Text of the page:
By Daniel Martin
Almost half of pregnant women could turn down the swine flu vaccine when it is available later this year.
Mothers-to-be will refuse to have the jab because they are worried it could do more harm than good to themselves and their babies, a poll shows.
A similar proportion of mothers said they would not take their young children to be immunised, even though they are most at risk of catching the virus.
It raises the prospect that many of the millions of jabs ordered by the Government at a cost of millions of pounds will not be used because people do not trust ministers’ insistence that they are safe.
Expectant women are one of the target groups for vaccination, and all will be offered the jabs before the end of the year.
Pregnant mothers’ reluctance to have the vaccine follows that of nurses and GPs in recent surveys. Many mothers-to-be appear to think that if even medical professionals are concerned about the jab, why should they go for it?
The survey, published by the website Mumsnet, showed that 48 per cent of pregnant women who responded said they ‘probably’ or ‘definitely’ would not have the jab. Only 6 per cent said they definitely would have it.
The poll also found that 46 per cent of those with under-fives were unlikely take them for the jab.
Carrie Longton, of Mumsnet, said: ‘It’s obvious from these results and from discussions about this on Mumset.com that lots of mums and mums-to-be are questioning whether or not to have the swine flu vaccine or give the vaccine to their children.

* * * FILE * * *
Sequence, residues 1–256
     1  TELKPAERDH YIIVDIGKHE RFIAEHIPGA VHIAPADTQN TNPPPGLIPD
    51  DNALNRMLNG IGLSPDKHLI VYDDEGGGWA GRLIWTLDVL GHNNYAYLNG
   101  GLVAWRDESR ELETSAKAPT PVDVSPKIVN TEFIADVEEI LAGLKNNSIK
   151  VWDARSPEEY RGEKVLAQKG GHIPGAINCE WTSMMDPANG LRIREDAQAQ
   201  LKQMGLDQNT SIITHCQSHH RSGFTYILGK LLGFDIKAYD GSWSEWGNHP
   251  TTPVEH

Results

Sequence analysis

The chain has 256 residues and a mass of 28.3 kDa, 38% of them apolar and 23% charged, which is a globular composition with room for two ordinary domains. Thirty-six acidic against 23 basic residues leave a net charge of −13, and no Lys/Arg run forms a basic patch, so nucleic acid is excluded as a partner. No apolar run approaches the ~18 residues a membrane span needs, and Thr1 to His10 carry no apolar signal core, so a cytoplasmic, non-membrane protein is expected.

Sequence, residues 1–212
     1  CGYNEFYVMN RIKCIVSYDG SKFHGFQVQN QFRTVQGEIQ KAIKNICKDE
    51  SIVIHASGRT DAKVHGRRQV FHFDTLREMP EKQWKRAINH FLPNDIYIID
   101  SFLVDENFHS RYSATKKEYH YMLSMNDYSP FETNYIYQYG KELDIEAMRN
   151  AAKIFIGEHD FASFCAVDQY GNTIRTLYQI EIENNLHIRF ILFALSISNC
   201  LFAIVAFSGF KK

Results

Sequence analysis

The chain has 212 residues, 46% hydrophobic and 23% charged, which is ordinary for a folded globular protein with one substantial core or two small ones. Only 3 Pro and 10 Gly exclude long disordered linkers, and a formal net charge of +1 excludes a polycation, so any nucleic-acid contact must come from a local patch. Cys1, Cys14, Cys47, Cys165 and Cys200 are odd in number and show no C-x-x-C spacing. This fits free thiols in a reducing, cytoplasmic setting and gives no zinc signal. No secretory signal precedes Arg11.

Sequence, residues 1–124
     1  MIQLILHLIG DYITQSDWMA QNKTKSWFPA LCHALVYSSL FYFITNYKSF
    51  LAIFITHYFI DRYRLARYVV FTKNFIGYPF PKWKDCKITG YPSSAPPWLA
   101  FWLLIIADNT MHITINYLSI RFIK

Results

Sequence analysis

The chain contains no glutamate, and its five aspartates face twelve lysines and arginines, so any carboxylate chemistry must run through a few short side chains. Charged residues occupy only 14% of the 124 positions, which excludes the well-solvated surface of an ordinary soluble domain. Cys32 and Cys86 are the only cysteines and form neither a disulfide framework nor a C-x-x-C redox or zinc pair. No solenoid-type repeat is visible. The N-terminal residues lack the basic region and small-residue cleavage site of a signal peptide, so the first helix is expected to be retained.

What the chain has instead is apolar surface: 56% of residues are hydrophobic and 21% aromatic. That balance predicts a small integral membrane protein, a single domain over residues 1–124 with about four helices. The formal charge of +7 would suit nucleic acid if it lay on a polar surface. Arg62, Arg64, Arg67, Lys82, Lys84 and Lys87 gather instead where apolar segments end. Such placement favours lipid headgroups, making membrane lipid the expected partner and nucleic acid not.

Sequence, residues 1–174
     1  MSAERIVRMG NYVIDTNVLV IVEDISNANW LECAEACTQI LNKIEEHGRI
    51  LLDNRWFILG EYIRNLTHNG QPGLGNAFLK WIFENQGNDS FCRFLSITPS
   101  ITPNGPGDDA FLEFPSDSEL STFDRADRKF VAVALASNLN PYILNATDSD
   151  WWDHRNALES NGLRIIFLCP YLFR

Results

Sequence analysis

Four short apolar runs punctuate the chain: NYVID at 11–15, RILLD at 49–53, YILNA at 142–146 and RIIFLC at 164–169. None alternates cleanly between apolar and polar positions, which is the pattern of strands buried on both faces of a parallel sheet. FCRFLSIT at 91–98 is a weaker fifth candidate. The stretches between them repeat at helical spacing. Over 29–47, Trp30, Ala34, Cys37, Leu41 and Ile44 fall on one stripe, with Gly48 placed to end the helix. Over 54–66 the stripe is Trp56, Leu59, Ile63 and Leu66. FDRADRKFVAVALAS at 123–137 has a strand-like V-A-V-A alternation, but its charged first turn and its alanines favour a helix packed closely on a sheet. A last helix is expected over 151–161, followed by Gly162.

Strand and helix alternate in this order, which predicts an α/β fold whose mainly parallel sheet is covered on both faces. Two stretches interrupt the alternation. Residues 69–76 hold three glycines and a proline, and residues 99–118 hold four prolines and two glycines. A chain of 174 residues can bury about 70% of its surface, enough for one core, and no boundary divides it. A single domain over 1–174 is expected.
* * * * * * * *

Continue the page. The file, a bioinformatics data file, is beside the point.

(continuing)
‘Some are worried about how well it’s been tested; others about its effectiveness and side effects.
‘Everyone wants to do the best for their child or unborn child but many parents seem, from our poll, to be more anxious about the safety of the vaccine than they do about catching swine flu.’
The survey comes weeks after a series of polls suggested many in the medical profession were luke warm about the jabs – because swine flu had not turned out to be as virulent as feared.
A poll of 1,500 nurses found that only a third said they would definitely be vaccinated, while two smaller surveys of doctors showed that about half would say no.
The polls raise further questions over the Government’s planned mass vaccination programme. The jab, currently being processed, will be fast-tracked and will not be fully tested before it is administered to patients.
There are also concerns the jab can spark cases of Guillain Barre Syndrome, which can lead to paralysis and even death.
A mass swine flu vaccination programme in the US in 1976 caused far more deaths than the disease it was designed to combat, and the Health Protection Agency watchdog has asked doctors to look out for cases of GBS when the vaccinations begin.
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